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# CLSUMG - Editorial

Author: Avijit Agarwal
Tester and Editorialist: Soumik Sarkar

MEDIUM

# PREREQUISITES:

Prime sieve, Fast fourier transform

# PROBLEM:

Let $f(x)=$ the number of pairs $(a, b)$ such that $0 \le a \le b < x$ and $a$ and $b$ are prime and $x = a + b$. Given a number $N$, find the number of pairs $(a, b)$ such that $0 \le a \le b < x$ and $f(N) = f(a) + f(b)$.

# EXPLANATION:

This problem was inspired by Goldbach's conjecture :D

Let us assume can find $f(x)$ in constant time for any given $x$. Then for a query $N$ naively trying all pairs will result in a complexity of $\mathcal{O}(N^2)$. Instead we can build up a frequency map/array of the sequence $f$ by upto index $N-1$. Let's call this frequency map $cnt$. Now we can count how many pairs add up to $f(N)$ by iterating over suitable $i$ and adding $cnt(i) \times cnt(f(N)-i)$ to the total. Note that we are looking for pairs where $a \le b$ so we must make sure not to double count any pair. The complexity is $\mathcal{O}(N)$ for one query.

This approach relies on the availability of all $f(x)$ in constant time. One way to achieve that would be to calculate all primes upto the required range beforehand using a sieve. Let there be $P$ such primes, then we can compute the array $f$ in $\mathcal{O}(P^2)$ time, but that would be too slow.

For an efficient solution, consider the polynomial $P(x) = x^2 + x^3 + x^5 + .... + x^p$ where in each term the exponent of $x$ is a prime and $p$ is the last prime we need to be concerned with.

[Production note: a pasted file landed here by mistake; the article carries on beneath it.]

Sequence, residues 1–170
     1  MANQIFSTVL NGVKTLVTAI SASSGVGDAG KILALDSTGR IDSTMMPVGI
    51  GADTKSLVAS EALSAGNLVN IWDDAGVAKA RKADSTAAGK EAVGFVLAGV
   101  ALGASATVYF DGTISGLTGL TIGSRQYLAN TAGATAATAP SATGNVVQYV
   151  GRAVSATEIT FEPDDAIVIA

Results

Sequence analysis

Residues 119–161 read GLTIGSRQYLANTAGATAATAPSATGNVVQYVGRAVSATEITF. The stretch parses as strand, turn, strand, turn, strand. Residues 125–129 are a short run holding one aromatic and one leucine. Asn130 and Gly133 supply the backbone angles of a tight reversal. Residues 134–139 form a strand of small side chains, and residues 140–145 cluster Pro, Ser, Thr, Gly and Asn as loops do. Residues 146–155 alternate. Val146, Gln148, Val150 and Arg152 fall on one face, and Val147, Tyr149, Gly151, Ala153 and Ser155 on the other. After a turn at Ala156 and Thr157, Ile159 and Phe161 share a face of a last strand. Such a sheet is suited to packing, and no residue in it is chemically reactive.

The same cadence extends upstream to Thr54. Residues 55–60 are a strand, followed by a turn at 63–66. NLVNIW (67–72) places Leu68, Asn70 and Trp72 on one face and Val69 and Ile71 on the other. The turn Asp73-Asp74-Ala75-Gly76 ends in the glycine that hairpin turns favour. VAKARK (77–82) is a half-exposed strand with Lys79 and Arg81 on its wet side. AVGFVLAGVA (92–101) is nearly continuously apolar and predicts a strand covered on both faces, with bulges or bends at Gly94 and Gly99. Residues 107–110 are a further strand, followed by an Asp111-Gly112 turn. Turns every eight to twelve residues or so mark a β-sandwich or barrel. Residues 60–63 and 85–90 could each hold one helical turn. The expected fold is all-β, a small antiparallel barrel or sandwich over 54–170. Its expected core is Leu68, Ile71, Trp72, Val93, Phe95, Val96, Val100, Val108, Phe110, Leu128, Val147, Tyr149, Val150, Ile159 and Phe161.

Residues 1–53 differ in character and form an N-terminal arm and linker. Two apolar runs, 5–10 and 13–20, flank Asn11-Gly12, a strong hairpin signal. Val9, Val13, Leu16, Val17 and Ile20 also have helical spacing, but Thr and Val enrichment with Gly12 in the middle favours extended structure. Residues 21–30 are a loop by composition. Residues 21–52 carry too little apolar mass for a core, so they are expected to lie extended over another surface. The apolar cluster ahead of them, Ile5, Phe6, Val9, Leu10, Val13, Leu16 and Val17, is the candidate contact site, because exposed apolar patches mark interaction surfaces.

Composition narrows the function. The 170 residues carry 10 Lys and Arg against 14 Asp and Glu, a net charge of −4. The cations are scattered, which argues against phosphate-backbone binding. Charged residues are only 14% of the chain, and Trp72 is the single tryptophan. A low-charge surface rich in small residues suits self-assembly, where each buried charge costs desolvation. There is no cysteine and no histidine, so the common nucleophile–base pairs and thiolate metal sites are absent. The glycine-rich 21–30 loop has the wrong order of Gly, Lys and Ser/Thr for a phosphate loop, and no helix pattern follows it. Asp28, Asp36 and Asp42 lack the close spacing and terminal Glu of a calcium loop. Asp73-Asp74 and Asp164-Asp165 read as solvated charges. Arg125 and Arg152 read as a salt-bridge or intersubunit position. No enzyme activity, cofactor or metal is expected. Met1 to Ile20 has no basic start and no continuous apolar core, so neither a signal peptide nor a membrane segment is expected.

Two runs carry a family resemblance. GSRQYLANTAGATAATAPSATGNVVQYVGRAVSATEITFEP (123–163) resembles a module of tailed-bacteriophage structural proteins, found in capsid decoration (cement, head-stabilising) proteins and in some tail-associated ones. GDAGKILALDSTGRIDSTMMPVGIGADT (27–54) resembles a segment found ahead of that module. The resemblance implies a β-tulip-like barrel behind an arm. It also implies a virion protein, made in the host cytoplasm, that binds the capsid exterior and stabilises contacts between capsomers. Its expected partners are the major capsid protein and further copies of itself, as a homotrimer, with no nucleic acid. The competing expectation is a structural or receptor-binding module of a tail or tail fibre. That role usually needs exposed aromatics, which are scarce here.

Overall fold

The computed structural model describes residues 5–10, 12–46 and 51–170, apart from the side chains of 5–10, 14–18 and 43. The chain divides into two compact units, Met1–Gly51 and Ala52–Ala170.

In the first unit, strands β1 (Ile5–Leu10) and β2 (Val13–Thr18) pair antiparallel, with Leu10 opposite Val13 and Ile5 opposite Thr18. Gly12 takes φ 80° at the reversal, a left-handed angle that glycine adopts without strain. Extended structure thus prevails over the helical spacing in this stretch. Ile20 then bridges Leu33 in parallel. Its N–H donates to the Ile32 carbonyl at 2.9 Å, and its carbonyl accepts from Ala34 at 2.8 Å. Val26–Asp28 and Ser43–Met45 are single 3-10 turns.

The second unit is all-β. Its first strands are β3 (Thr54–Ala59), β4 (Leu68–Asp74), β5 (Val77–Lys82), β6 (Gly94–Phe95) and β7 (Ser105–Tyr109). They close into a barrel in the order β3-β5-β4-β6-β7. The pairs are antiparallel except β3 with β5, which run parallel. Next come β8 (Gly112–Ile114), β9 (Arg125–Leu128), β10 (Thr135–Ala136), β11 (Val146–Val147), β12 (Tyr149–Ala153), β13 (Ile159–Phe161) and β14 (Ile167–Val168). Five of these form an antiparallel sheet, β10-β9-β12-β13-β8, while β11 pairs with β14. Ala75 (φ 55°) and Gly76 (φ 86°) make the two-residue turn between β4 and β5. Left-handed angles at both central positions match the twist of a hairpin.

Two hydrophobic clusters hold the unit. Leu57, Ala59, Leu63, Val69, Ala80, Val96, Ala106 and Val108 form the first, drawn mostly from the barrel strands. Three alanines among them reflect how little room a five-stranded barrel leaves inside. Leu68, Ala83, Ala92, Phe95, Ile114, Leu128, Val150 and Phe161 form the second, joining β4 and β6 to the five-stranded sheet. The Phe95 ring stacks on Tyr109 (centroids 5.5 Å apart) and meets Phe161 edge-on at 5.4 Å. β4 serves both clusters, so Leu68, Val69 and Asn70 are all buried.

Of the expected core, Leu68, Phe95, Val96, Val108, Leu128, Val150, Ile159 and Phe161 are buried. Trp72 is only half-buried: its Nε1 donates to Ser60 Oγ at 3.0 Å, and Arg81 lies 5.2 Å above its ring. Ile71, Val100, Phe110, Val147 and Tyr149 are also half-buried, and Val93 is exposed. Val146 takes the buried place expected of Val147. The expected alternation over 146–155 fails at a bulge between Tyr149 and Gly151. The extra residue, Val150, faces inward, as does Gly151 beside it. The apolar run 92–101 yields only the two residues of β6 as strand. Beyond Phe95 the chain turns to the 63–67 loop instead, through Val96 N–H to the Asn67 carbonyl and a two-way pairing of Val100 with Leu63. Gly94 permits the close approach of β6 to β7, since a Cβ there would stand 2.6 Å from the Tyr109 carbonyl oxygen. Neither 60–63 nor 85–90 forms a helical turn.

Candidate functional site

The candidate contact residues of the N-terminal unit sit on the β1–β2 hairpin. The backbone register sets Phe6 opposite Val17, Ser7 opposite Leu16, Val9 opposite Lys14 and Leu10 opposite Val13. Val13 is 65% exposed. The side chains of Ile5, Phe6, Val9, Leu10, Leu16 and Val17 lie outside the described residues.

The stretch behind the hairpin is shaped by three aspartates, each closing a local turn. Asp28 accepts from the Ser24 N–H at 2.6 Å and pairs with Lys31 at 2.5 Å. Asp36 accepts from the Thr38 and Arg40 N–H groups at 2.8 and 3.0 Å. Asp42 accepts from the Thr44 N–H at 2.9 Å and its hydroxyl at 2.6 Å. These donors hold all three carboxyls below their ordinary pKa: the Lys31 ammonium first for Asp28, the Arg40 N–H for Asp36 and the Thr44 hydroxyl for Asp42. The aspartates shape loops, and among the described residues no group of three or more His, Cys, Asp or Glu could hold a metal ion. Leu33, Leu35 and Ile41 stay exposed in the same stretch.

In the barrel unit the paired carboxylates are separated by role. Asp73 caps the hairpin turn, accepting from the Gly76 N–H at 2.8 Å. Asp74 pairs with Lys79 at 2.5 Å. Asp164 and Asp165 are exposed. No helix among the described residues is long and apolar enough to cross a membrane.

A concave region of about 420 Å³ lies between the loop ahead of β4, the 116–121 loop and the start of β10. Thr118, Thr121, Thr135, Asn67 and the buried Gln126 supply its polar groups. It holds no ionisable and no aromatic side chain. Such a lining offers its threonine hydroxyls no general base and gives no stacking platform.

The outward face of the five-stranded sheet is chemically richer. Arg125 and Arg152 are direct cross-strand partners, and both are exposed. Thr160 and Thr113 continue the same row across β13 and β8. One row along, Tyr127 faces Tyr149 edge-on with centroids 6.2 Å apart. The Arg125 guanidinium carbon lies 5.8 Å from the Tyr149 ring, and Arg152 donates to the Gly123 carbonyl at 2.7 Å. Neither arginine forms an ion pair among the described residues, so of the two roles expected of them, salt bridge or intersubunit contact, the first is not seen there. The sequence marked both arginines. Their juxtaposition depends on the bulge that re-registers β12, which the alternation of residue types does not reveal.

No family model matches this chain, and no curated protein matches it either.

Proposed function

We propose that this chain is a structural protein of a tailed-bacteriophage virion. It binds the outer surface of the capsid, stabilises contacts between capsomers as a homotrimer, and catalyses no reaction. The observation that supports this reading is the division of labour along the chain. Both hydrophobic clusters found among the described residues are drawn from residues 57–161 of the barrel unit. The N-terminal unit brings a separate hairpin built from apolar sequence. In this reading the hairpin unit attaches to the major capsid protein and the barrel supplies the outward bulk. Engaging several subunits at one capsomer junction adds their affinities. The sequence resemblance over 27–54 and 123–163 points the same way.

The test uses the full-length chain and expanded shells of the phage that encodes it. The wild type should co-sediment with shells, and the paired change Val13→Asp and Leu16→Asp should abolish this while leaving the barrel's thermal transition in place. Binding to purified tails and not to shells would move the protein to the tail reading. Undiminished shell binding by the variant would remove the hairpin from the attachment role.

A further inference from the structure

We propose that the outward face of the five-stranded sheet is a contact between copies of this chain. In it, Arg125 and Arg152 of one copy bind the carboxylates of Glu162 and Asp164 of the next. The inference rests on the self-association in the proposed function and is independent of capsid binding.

$$P(x)^2 = ( x^2 + x^3 + x^5 + ....)^2 = x^4 + 2x^5 + x^6 + 2x^7 + 2x^8 + ...$$

Multipying $x^a$ and $x^b$ gives $x^{a+b}$. Thus in the polynomial above the coefficient of $x^k$ is the number of ways to represent $k$ as a sum of 2 primes. Note that here the pairs $(a, b)$ and $(b, a)$ for $a \ne b$ are counted separately, so the values must be adjusted to suit the given definition of $f(x)$.

Squaring a polynomial of degree $n$ naively takes $\mathcal{O}(n^2)$ time. However there exists the awesome method of Fast Fourier Transform which can be used to efficiently compute the product of two polynomials in $\mathcal{O}(n \log n)$.

The complexity is $\mathcal{O}(N \log N + TN)$.

# AUTHOR'S AND TESTER'S SOLUTION:

Author's solution can be found here
Tester's solution can be found here.

6★meooow ♦
7.0k717
accept rate: 48%

19.6k349497539

 0 Never knew we can use fft so easily in python! Can you explain a bit or give some link for understanding the functions involved? answered 17 Apr, 01:38 614●1●9 accept rate: 12% 1 You can refer to the documentation for numpy.fft and scipy.fftpack. There is one useful function in scipy.signal, which is fftconvolve that I have used. (18 Apr, 20:29) meooow ♦6★
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